Operations in respect of maritime security, illegal drug trafficking, illegal migration and fisheries enforcement are co-ordinated by other bodies within the Irish Government.

On average, each year, the Irish Coast Guard is expected to:

  • handle 3,000 marine emergencies
  • assist 4,500 people and save about 200 lives
  • task Coast Guard helicopters on missions

The Coast Guard has been around in some form in Ireland since 1908.

Coast Guard helicopters

The Irish Coast Guard has contracted five medium-lift Sikorsky Search and Rescue helicopters deployed at bases in Dublin, Waterford, Shannon and Sligo.

The helicopters are designated wheels up from initial notification in 15 minutes during daylight hours and 45 minutes at night. One aircraft is fitted and its crew trained for under slung cargo operations up to 3000kgs and is available on short notice based at Waterford.

These aircraft respond to emergencies at sea, inland waterways, offshore islands and mountains of Ireland (32 counties).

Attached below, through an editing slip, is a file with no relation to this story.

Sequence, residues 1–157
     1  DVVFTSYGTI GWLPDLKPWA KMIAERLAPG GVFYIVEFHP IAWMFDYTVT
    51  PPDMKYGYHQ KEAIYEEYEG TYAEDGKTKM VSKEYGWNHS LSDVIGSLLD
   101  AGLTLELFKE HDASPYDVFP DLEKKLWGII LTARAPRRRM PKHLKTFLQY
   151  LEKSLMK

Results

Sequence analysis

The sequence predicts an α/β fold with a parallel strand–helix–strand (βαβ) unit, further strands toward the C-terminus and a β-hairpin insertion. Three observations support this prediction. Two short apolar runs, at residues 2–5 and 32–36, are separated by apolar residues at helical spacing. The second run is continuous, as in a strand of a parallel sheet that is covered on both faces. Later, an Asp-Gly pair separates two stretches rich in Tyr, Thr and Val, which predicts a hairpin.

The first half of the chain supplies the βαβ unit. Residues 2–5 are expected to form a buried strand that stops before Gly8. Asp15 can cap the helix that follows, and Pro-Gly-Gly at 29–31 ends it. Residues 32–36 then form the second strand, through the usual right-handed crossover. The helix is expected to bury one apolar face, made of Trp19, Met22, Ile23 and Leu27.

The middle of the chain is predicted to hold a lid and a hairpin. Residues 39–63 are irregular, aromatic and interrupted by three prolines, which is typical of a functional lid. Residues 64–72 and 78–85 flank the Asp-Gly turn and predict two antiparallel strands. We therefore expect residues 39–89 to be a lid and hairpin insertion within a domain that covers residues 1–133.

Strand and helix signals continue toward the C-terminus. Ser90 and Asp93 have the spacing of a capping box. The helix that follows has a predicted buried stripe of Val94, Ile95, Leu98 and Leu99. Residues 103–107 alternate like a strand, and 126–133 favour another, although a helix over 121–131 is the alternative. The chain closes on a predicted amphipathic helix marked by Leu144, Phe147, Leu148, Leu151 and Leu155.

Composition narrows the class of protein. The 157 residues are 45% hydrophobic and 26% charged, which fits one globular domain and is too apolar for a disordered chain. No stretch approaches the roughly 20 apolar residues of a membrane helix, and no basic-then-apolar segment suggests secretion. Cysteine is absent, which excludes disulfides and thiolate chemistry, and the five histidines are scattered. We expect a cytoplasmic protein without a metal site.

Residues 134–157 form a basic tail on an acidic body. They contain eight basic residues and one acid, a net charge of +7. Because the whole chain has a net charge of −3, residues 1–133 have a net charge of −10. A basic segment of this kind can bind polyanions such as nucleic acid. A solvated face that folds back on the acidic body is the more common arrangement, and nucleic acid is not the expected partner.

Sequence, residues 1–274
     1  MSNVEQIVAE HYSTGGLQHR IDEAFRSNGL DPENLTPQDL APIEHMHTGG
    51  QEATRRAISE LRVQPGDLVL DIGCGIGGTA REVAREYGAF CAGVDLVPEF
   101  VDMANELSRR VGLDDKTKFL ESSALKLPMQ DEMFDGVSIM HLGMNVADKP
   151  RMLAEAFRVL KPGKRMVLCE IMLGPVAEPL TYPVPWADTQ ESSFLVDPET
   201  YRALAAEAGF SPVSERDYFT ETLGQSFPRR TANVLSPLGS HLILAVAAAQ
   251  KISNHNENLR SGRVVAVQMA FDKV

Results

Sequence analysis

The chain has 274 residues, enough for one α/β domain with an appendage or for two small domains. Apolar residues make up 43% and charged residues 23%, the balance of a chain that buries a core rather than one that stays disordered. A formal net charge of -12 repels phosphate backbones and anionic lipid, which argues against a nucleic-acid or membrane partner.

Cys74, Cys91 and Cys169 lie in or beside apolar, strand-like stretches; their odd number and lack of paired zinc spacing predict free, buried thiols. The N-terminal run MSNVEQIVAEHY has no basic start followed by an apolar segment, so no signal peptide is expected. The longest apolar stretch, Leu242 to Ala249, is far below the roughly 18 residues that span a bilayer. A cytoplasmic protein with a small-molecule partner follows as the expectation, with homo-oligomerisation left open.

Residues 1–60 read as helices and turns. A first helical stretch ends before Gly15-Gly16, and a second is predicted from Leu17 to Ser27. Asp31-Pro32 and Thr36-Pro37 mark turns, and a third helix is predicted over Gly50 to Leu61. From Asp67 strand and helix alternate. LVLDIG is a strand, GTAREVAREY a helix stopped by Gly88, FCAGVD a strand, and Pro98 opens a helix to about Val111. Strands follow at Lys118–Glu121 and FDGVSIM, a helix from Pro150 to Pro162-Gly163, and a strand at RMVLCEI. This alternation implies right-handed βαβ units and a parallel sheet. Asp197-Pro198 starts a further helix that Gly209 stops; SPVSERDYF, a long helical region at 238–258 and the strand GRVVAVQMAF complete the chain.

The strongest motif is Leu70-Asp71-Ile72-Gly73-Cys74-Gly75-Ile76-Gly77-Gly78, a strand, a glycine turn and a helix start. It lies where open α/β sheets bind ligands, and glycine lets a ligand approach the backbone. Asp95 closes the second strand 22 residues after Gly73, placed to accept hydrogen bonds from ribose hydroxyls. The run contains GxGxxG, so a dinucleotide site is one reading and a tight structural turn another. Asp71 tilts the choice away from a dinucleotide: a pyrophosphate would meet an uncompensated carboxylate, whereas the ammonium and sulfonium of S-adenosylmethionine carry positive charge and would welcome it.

They can also be used for assistance in flooding, major inland emergencies, intra-hospital transfers, pollution, and aerial surveillance during daylight hours, lifting and passenger operations and other operations as authorised by the Coast Guard within appropriate regulations.

Irish Coastguard FAQs

The Irish Coast Guard provides nationwide maritime emergency response, while also promoting safety and security standards. It aims to prevent the loss of life at sea, on inland waters, on mountains and in caves; and to safeguard the quality of the marine environment.

The main role of the Irish Coast Guard is to rescue people from danger at sea or on land, to organise immediate medical transport and to assist boats and ships within the country's jurisdiction. It has three marine rescue centres in Dublin, Malin Head, Co Donegal, and Valentia Island, Co Kerry. The Dublin National Maritime Operations centre provides marine search and rescue responses and coordinates the response to marine casualty incidents with the Irish exclusive economic zone (EEZ).